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Tesla is running into issues building battery cells at Gigafactory Berlin

Tesla is reportedly running into problems establishing battery cell production at Gigafactory Berlin, and it is moving battery manufacturing equipment to Texas.

For over two years now, Tesla has been working to build its own battery cells with a new 4680 format. The plan is critical to the company’s long-term growth as it powers its next generation of electric vehicles using a new structural battery pack architecture.

Tesla is currently building the cells at its pilot plant in Fremont, California, but the automaker’s goal was to achieve volume production of the 4680 battery cell by the end of the year at Gigafactory Texas. The automaker also planned to establish battery cell production at Gigafactory Berlin on a similar timeline.

Now a report from Germany’s Handelsblatt suggests that Tesla is putting the plan on hold in Berlin:

The fact that Tesla will not start full battery cell production in its German plant in Grünheide for the time being apparently has other reasons than lower energy costs and new tax incentives in the USA worth billions. Several sources close to the electric car manufacturer report a significant delay in a crucial but highly complex production technique.

The publication had previously reported that Tesla planned to move some battery cell manufacturing equipment from Gigafactory Berlin to Gigafactory Texas. The move was suspected of having something to do with the new tax credit for electric vehicles in the US that forces automakers to use battery cells produced locally.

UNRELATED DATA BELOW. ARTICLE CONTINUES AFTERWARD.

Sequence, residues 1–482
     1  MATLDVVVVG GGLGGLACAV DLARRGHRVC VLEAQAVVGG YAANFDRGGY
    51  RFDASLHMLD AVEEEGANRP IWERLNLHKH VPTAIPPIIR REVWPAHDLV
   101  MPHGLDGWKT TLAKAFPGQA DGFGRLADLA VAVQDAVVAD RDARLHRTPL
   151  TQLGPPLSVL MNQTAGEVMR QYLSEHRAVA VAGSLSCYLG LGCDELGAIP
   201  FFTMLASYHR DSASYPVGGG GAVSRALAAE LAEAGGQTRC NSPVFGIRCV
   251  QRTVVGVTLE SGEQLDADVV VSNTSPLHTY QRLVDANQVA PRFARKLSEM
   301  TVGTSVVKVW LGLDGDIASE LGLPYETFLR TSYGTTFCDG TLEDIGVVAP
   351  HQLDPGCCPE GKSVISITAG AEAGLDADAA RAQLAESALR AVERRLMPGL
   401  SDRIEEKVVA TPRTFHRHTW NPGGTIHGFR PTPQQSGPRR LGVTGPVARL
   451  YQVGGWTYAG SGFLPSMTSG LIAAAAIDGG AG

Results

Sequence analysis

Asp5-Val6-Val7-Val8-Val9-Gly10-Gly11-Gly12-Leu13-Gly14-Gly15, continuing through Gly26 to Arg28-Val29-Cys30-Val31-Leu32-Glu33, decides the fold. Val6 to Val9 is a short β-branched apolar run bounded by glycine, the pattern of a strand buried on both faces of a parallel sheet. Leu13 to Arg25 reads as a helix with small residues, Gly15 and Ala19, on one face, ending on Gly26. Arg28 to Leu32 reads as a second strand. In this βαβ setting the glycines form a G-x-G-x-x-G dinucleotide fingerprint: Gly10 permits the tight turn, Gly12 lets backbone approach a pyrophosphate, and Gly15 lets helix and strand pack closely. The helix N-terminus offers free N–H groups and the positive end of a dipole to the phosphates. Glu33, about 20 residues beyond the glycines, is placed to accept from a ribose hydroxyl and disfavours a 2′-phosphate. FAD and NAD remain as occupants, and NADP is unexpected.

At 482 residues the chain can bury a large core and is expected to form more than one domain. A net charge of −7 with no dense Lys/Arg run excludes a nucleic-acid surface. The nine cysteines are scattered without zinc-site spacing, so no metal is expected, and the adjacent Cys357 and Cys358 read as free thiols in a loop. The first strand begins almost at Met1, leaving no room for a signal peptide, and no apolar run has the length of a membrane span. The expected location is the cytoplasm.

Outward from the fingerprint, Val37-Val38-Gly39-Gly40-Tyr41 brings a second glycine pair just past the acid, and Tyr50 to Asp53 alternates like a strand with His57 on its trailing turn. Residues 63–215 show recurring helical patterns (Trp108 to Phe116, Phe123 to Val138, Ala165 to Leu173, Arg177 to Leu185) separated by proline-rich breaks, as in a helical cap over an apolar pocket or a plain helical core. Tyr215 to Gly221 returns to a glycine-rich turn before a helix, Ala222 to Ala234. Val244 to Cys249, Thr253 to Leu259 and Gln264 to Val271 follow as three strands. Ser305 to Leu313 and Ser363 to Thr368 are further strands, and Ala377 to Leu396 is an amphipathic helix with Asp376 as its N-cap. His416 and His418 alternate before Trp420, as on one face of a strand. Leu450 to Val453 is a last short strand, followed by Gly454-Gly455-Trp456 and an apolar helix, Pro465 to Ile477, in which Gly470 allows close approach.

Now they report that only the machines for electrode production are going to remain on site and everything else is going to be moved to the US.

The reason behind the move is not completely clear, but Handelsblatt says that Tesla wants to focus on successfully deploying its dry coating of the electrodes in the US first:

This is not a rejection of Grünheide. Tesla boss Elon Musk wants to continue to build a battery cell plant in Brandenburg in the long term. But before that, the electric car manufacturer has to get the so-called dry coating of the electrodes under control. A total of five experts, two of whom are close to Tesla, report that test systems with the technology are currently running quite successfully, but that implementation in large series is lacking.

Tesla has previously disclosed that the dry coating process is part of the bottleneck preventing the automaker from achieving volume production of the battery cells.

The last official comment from the company is that it was still confident that volume production would be achieved at Gigafactory Texas by the end of the year.

Electrek’s Take

It would indeed make sense to nail the production process in one place before deploying it in another. Also, if the rumors about Tesla getting blade battery cells from BYD for Gigafactory Berlin are true, Tesla might already have the cells it needs to ramp up production at Gigafactory Berlin.

It would explain why Tesla is OK with falling behind with cell production in Germany.

What do you think? Let us know in the comments section below.

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